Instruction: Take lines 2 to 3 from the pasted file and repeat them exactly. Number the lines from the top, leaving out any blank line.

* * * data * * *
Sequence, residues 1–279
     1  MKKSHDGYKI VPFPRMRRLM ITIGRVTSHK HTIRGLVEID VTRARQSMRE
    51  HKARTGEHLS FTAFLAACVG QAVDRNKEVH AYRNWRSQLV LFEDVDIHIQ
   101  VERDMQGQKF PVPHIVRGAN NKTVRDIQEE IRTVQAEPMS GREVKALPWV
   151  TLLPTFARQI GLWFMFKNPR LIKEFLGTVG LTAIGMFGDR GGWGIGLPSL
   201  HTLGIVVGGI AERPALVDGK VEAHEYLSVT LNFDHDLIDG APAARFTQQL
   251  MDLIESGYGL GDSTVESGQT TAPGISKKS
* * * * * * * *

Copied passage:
     1  MKKSHDGYKI VPFPRMRRLM ITIGRVTSHK HTIRGLVEID VTRARQSMRE
    51  HKARTGEHLS FTAFLAACVG QAVDRNKEVH AYRNWRSQLV LFEDVDIHIQ